Ethylene and propylene are useful olefins. Suitable C2-8 alkenyl esters of C1-8 saturated carboxylic acids include vinyl acetate. Suitable C1-8 alkyl and hydroxyalkyl esters of C3-8 ethylenically unsaturated carboxylic acids include the esters of acrylic and methacrylic acids such as methyl acrylate, ethylacrylate, butyl acrylate, hydroxyethyl acrylate, ethylhexyl acrylate, and the methacrylate homologues of these esters.

Suitable acrylate type polymers include co or homo polymers of one or more esters of C1-8 alkyl or hydroxyalkyl esters of C3-8 ethylenically unsaturated carboxylic acids. Suitable esters have been discussed immediately above.

The polymers useful in the present invention may be a blend of the above polymers and up to about 20, preferably less than 15 weight percent of the above polymers which contain up to 15, preferably less than 5 weight percent of one or more functional monomers. The functional monomers may be C3-6 ethylenically unsaturated carboxylic acids; C1-8 alkyl and hydroxyalkyl esters of such acids; amides of such acids which may be unsubstituted or substituted at the nitrogen atom by up to two radicals selected from the group C1-4 alkyl and hydroxyalkyl radicals; and C3-6 ethylenically unsaturated carboxylic acids.

Suitable polymers are commercially available as latices with a polymer content up to about 75 weight percent. The average particle size of the polymer may vary from about 40 to 250 mu (400 to 2500 Å). Many latices have a polymer particle size from 120 to 250 mu (1200 to 2500 Å). In some applications it may be desirable to use a very small particle size from 60 to 100 mu (600 to 1000 Å) more preferably from 80-100 mu (800 to 1000 Å).

For example: Tech-Book Facts Pliopave™ Latex for Bitumen Modification, published in the mid to late 1960's by the Chemical Division of The Goodyear Tire and Rubber Company suggest that a small particle size aids the dispersion of latex in asphalt. Small particle size latices are also disclosed in U.S. Pat. Nos. 3,835,117 and 3,897,380 issued Sept. 10, 1974 and July 29, 1975 to Walaschek and, U.S. Pat. 4,544,690 issued Oct. 1, 1985 assigned to Reichold Chemicals Inc.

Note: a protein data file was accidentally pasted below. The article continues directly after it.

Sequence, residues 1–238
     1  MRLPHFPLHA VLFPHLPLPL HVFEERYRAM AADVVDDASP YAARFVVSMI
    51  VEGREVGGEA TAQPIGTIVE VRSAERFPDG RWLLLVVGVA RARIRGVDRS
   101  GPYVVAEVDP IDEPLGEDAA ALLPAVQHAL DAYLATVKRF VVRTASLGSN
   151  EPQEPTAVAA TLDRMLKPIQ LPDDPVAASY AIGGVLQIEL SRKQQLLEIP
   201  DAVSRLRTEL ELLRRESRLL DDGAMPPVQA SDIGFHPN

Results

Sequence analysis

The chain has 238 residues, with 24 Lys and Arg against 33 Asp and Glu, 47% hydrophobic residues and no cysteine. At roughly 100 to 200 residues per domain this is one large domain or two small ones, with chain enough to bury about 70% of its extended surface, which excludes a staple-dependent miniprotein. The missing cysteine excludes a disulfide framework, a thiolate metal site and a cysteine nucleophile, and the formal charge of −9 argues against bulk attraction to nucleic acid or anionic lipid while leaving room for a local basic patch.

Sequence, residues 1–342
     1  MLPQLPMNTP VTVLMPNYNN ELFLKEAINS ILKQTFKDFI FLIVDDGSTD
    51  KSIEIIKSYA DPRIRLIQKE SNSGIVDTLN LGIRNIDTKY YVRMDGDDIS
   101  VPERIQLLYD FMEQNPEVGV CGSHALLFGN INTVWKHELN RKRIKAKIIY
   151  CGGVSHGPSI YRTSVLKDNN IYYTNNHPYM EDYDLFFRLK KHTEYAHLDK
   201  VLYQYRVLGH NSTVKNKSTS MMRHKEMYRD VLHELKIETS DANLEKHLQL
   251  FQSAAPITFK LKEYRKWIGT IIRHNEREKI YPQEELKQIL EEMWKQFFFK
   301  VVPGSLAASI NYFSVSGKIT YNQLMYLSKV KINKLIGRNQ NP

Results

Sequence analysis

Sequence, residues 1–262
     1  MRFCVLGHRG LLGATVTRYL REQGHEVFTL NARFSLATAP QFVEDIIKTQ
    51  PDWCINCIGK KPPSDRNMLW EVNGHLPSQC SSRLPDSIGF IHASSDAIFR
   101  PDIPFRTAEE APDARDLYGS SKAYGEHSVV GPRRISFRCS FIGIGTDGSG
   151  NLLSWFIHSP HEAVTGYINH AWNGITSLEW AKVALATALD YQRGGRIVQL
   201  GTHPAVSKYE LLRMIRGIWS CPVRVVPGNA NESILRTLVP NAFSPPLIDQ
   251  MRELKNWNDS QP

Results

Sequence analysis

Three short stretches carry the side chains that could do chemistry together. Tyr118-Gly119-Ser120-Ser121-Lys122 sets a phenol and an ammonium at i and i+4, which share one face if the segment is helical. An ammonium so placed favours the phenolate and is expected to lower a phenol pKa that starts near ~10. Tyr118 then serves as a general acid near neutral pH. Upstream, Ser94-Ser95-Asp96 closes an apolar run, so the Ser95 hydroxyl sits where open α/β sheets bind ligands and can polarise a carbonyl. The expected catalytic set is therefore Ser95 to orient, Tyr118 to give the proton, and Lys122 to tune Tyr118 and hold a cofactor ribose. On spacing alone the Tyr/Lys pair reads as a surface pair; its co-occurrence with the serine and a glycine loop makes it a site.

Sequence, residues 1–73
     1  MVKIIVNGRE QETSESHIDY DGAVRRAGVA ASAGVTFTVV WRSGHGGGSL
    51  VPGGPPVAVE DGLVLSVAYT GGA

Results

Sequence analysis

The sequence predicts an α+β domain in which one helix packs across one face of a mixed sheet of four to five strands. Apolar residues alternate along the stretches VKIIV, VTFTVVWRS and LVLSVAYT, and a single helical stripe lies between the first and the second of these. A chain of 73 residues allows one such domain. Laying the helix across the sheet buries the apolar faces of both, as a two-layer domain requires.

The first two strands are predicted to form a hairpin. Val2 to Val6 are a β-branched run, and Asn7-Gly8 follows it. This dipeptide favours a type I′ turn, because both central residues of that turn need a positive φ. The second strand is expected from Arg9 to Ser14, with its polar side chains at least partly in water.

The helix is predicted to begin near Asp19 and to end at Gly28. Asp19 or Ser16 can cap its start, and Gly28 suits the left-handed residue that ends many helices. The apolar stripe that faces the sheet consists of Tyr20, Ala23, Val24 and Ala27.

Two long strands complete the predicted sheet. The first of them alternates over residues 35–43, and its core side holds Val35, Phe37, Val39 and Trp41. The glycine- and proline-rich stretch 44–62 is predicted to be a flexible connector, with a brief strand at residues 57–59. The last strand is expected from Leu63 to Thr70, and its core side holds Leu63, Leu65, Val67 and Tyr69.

The emulsion of asphalt, bitumen or tar modified with polymer may contain up to 90, most preferably from 50 to 75 weight % solids.

The present invention contemplates two types of destabilization systems. The first destabilizing system comprises an ammonium, or metal silicofluoride used in conjunction with one or more members selected from the group consisting of ammonium sulfamate, ammonium sulfate, C1-8, preferably C1-4 alkyl and hydroxyalkyl amine sulfamates, C1-8, preferably C1-4 alkyl and hydroxyalkyl amine sulfates and ammonium salts of C1-6 aliphatic carboxylic acids, preferably ammonium acetate.

The silicofluoride is preferably an alkali metal silicofluoride, most preferably sodium silicofluoride. It is used in an amount from at least about 0.1 parts by dry weight per 100 parts weight of solids comprising asphalt and the optional polymer in the emulsion. Preferably, the silicofluoride is used in an amount from about 0.1 to 15, most preferably from 0.1 to 3 parts dry weight per 100 parts dry weight of solids in the emulsion.

The second component, the sulfamate, sulfate or ammonium salt of a C1-6 aliphatic carboxylic acid is used in an amount from about 0.05 to 10, preferably 0.1 to 10, most preferably 0.1 to 3, parts dry weight ammonium per 100 parts by dry weight of emulsion. Preferably, the second component is selected from the group consisting of ammonium sulfamate, C1-4 alkyl and hydroxyalkyl sulfamates and sulfates, ammonium salts of C1-4 aliphatic carboxylic acids, preferably ammonium sulfamates or ammonium acetate.